Third Floor U.S. Senate
The GOP Senate conference is downstairs having their weekly policy lunch on the second floor of the Senate. I hear Kentucky’s Jim Bunning is getting an earful in the meeting and rumors are swirling that he may cave and accept Senate Majority Leader Harry Reid’s offer to have a vote on his plan to use stimulus money to pay for the $10 billion 30-day extension of unemployment and health benefits (which will likely fail) before allowing a full Senate vote on passage.
Dems will probably be pretty disappointed in Bunning does actually blink. To them Bunning is the gift that keeps on giving: he makes their point about Republican obstructionism in a much more brutal way than Reid has ever had the cojones to do (ahem, Karen’s long time call to make them filibuster). In the last two days I’ve received 18 press releases from the DNC, DSCC or unions lambasting Bunning. One even pulled a phrase out of today’s Wall Street Journal story to highlight it to reporters:
Key Point: “Democrats used Mr. Bunning’s move to highlight what they said was a pattern of Republicans gumming up the works on even the most popular measures.”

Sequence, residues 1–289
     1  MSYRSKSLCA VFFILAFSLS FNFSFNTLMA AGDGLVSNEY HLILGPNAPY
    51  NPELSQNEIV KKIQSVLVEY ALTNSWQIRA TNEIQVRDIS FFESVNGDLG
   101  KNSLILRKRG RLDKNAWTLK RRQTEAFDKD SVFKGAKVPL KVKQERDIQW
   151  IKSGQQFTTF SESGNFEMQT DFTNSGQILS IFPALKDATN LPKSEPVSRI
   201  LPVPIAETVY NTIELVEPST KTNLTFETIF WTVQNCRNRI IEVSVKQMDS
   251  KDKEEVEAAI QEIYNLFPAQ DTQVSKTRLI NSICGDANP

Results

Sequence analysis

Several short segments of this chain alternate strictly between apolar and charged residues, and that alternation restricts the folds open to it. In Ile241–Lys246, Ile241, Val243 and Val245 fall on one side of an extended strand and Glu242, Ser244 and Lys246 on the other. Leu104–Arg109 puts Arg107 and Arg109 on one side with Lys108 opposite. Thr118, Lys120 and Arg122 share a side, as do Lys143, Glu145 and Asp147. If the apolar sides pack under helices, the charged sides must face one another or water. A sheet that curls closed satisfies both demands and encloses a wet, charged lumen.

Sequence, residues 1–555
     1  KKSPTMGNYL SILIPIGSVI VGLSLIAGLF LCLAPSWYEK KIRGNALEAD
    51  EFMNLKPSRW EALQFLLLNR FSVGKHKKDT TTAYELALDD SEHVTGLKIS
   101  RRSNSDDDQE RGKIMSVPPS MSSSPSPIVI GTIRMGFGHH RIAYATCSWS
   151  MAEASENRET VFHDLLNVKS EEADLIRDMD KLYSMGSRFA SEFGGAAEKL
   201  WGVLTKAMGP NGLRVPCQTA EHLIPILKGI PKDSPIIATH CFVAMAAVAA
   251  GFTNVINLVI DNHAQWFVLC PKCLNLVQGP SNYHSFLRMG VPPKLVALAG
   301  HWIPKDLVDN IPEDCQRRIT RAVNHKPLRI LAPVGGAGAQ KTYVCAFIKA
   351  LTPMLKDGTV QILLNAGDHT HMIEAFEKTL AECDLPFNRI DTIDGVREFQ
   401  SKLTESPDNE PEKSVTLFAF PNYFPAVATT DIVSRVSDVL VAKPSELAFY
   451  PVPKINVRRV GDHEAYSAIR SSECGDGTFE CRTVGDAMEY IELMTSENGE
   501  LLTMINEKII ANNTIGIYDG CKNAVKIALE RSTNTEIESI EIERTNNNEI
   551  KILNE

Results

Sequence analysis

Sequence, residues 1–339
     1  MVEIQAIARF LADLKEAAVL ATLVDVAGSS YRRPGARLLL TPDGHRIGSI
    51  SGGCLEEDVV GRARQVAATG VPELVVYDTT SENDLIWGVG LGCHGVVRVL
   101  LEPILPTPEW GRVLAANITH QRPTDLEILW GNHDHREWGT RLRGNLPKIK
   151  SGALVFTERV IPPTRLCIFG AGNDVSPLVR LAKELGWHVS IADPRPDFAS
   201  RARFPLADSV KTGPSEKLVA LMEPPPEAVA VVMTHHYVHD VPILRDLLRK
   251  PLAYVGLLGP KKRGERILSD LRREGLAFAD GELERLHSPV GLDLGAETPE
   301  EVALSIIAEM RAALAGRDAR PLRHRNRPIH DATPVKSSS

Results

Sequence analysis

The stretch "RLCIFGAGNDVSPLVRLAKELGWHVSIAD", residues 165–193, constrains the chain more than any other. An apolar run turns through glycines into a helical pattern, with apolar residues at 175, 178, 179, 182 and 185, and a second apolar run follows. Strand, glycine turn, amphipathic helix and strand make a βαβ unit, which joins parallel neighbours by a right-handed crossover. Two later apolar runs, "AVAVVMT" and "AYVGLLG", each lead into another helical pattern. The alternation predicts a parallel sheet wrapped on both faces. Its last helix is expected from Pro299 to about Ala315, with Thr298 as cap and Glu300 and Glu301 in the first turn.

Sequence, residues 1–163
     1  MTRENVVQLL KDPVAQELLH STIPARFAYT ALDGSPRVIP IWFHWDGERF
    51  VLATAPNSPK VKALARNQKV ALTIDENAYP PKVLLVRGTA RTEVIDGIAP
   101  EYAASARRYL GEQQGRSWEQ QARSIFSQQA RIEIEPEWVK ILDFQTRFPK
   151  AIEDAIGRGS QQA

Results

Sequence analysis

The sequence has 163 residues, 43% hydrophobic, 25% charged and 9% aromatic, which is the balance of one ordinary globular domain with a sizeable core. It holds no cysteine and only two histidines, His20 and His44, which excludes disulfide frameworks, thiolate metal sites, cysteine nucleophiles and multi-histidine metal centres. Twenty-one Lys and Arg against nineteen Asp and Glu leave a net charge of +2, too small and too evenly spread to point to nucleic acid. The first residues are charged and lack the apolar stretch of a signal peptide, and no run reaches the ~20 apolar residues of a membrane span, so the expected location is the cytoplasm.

It is absolutely ludicrous for Bunning, who voted for President George W. Bush’s unpaid-for tax cuts and the largely deficit funded Medicare Prescription Drug Program, to dig in his heels on this one small bill the failure of which causes so much pain to people already suffering. But, to be fair, this situation isn’t all on Bunning — at any time Democrats could’ve filed for cloture, waited 30 hours and passed them bill. They would’ve gotten cloture, too, given that a few Republicans, including Maine’s Susan Collins, have said privately or publicly that they would vote to overcome Bunning’s objection. But Dems have not done this because a) they thought Bunning would fold when they kept him here all weekend, and b) when he didn’t, they realized they were sitting on political gold (never mind the chaos that this expensive game of chicken is wreaking across the rolls of unemployed, the Department of Transportation and potentially millions of rural tv viewers). Either way, if Bunning doesn’t blink the Senate looks on track to pass a year-long $150 billion extension by Friday that would provide, retroactively, for all dropped benefits. Alas, Congress isn’t doing anything about the bureaucratic nightmares that will ensue from trying to back claim benefits or reapply for them for those who’ve been dropped from the rolls.